NFL, NFLPA: No concussion protocol violation in Cam Newton investigation
Cam Newton took at least four head shots during the season opener
The NFL and NFLPA released a joint statement on Wednesday following an investigation into the application of the concussion protocol for Panthers quarterback Cam Newton in the season opener against the Broncos. Following the game, there were questions about why Newton, who took four shots to the head, wasn't entered into the concussion protocol.
A subsequent investigation was launched, and it found that the concussion protocol was handled correctly.
Specifics, via Wednesday's the statement:
In the fourth quarter, Cam Newton incurred a helmet-to-helmet hit which drew a penalty. Mr. Newton was slow to get up following that hit. The Panthers medical staff and the Unaffiliated Neuro-trauma Consultant (UNC) were positioned together on the sidelines monitoring the game and were unable to see the point of contact and decided to review the play via the sideline video replay system. In order to facilitate the video review, the team physician and UNC initiated radio contact with the Booth ATC and asked to view the video. Under the current application of the Protocol, once contact between the Booth ATC and the club's medical team occurs, the Booth ATC's responsibilities end (including the ability to call a medical time out). The time it took to actually receive the video following this request was prolonged due to a technology glitch. After reviewing the replay and observing Mr. Newton from the sideline, the Panthers' medical staff and the UNC agreed that no further evaluation of Mr. Newton was necessary as they did not observe signs or symptoms of concussion.
The investigation also reviewed the Bills-Jets game from September 15, when quarterback Tyrod Taylor appeared "unsteady on his feet." The findings:
Prior to any actions by the club physician, Booth ATC Spotter and/or UNC, referee Ed Hochuli directed Mr. Taylor to the sideline for the required sideline examination. The club medical team and UNC reviewed the video and conducted the required examination, cleared Mr. Taylor and returned him to the game. Collaboration between the Team Physician and the UNC, who is jointly appointed by the parties, is a critical aspect of the Concussion Protocol and therefore bears emphasis. In both instances, the reviews of the NFL and NFLPA determined that the club physicians and UNCs worked closely together to review the plays at issue and jointly made medical determinations regarding evaluation and diagnosis; in each instance, the medical determination made revealed that neither player had sustained a concussion.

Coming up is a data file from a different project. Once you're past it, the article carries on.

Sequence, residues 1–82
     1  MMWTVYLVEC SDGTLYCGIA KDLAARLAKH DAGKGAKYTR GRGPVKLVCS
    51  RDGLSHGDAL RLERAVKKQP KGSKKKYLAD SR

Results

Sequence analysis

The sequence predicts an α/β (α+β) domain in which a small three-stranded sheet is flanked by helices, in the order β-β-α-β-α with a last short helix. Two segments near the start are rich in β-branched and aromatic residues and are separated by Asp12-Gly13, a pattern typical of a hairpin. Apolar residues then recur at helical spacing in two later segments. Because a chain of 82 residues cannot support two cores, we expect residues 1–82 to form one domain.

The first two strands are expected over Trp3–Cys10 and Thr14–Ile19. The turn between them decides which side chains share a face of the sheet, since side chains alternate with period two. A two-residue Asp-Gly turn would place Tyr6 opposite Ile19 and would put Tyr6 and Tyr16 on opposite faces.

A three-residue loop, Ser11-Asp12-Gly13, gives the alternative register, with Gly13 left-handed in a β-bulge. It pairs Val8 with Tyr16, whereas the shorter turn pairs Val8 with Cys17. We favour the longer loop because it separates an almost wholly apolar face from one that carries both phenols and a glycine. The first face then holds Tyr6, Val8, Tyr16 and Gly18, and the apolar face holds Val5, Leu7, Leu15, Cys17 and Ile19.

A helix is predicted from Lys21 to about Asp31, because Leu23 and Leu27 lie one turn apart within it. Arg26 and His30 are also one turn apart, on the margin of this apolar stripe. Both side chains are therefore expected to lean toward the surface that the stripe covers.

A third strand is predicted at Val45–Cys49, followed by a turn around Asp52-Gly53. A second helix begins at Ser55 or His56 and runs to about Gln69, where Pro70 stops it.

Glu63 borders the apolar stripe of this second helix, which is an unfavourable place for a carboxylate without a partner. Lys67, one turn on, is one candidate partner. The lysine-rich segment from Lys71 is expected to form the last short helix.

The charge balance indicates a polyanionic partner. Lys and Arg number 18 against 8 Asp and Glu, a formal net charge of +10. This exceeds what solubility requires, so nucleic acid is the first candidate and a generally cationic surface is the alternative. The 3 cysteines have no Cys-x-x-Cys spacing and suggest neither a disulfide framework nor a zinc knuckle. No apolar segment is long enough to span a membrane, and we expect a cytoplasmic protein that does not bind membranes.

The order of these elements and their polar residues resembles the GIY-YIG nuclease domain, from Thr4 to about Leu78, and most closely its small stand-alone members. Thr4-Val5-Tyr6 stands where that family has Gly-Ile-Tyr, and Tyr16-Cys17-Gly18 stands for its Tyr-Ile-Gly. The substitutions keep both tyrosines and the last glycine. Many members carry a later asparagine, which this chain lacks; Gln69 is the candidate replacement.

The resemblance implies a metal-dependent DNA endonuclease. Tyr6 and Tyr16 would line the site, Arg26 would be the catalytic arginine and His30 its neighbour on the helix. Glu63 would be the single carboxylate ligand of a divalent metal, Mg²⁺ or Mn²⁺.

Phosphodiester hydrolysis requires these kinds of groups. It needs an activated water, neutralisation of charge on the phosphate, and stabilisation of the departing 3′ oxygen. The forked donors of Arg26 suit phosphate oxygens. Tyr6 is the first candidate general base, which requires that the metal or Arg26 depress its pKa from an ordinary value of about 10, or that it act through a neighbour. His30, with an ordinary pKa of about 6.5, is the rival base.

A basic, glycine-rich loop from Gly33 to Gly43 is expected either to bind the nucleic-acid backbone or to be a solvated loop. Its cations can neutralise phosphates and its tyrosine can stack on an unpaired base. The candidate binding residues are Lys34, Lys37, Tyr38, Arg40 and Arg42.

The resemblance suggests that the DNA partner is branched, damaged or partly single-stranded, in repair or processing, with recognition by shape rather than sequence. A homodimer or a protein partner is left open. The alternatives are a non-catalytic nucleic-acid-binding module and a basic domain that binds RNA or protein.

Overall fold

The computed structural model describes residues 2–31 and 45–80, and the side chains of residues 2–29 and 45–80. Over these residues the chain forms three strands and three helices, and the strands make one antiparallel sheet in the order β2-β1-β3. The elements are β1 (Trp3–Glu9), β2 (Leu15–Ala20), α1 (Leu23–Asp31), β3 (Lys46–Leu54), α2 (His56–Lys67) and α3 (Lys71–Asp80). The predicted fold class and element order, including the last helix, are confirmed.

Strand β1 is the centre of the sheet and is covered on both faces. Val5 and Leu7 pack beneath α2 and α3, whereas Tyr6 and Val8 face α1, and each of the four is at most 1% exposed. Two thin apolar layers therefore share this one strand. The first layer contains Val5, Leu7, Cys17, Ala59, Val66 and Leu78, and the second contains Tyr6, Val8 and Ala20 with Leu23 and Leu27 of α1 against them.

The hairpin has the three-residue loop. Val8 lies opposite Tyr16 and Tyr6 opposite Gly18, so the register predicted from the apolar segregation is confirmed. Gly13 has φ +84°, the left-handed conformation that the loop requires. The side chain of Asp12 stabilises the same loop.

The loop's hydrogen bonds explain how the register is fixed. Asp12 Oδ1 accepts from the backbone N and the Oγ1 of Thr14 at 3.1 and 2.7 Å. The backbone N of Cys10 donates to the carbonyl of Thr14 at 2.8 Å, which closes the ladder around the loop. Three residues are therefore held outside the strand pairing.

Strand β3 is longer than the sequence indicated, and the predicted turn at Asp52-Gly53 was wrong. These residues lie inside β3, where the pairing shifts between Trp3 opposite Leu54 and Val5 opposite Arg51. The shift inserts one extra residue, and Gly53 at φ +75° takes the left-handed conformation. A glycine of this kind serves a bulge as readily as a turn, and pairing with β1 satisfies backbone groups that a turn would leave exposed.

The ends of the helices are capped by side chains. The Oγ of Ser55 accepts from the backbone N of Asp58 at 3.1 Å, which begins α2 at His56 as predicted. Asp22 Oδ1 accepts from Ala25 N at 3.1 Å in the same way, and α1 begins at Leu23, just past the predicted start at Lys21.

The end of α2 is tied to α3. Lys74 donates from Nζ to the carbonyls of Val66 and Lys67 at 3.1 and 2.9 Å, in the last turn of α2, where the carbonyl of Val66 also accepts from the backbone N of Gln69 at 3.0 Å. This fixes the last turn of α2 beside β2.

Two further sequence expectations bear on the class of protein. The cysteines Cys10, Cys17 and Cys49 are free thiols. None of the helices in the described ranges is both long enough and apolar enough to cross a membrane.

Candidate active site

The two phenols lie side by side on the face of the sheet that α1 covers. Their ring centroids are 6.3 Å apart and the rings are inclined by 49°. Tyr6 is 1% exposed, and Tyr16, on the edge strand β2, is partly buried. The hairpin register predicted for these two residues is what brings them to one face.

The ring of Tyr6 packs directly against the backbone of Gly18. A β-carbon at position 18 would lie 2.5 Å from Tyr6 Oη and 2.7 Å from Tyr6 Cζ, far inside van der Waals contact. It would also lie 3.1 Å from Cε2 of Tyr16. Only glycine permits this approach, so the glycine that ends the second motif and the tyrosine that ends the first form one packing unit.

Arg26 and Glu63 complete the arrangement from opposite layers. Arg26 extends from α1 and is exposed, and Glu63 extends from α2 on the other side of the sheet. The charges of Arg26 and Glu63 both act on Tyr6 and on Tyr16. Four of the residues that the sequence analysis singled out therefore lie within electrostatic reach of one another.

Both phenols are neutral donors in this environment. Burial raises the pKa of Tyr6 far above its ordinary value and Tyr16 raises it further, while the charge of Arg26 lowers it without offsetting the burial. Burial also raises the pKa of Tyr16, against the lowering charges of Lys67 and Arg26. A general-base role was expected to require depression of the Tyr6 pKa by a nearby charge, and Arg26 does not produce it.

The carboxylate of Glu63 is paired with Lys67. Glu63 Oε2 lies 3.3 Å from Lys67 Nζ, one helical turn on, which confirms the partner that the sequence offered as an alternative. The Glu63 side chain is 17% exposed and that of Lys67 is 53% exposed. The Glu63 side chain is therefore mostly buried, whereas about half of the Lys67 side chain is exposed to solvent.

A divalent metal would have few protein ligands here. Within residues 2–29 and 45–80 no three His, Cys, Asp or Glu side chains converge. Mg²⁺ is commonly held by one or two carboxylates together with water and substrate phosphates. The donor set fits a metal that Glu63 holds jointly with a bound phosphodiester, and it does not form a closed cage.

The statement concluded that "The team physicians and UNCs involved in each instance worked closely together to provide medical care for the players involved and their team work should be emulated across the league."
Additionally, four concussion-protocol enhancements were announced:
- Concussion Protocol to require the Booth ATC Spotter to remain in contact with the club medical team and provide video support until the medical team confirms that a concussion evaluation has occurred;
- The NFL Head, Neck and Spine Committee, together with the NFLPA Medical Director will conduct a conference call with all UNCs to review changes to the Concussion Protocol;
- The NFL, in consultation with the NFLPA, will use Referee Ed Hochuli's actions in Buffalo as an example of the appropriate application of the Concussion Protocol and proactive officiating in this realm as part of its continuing training of game officials;
- The NFL and NFLPA are reviewing the merits of supplementing the Booth ATC program with a Booth UNC program as part of their continuing evaluation of the Protocol to ensure the best possible care of our players.
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